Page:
Showing your child affection after disciplining them could be
doing more harm than good. In a recent study at Duke University, researchers
found that physical punishment immediately followed by hugs and kisses was
causing stress and anxiety in children.
Parents try to soothe their children's feelings, because
they feel guilty for disciplining them in the first place. However, the mix of the
two extremes in behavior can be confusing.
"Being very warm with a child whom you hit in this manner [corporal
punishment] rarely makes things better. It can make a child more, not less,
anxious," lead researcher Dr. Jennifer Lansford wrote on the Child and Family
The study included more than 1,000 mothers and children from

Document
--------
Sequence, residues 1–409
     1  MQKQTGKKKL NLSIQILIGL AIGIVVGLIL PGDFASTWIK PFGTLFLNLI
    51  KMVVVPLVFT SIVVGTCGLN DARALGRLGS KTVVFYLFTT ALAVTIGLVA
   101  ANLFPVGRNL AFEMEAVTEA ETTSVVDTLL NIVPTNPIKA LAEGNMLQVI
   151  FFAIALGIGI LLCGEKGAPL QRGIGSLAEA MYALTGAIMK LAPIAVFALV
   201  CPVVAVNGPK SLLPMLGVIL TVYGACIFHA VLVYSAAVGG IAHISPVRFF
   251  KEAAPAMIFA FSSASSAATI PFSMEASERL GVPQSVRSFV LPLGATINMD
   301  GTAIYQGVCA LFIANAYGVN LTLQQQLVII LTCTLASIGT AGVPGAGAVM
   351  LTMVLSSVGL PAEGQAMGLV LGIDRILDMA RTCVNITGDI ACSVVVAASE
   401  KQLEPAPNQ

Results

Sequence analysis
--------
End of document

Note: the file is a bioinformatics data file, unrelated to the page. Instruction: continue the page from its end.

eight different countries: Thailand, China, Kenya, the Philippines, Colombia,
Italy, Jordan and the United States. Children's reactions varied based on home locations.
Those from countries with a more authoritative parenting style, like Kenya and
Colombia, weren't as impacted.
"Generally, childhood anxiety actually gets worse when
parents are very loving alongside using corporal punishment," Lansford said.
This study comes at a time when corporal punishment is
becoming socially unacceptable in more and more countries. It is outlawed in 43
countries, and many parents say that they later regret using it on their
"Perhaps the most compelling lesson from research is that no
one has found evidence that corporal punishment is good for children … there
are other ways to produce desired effects in children's behaviors. We should
focus our efforts on helping parents to understand and use these alternatives,"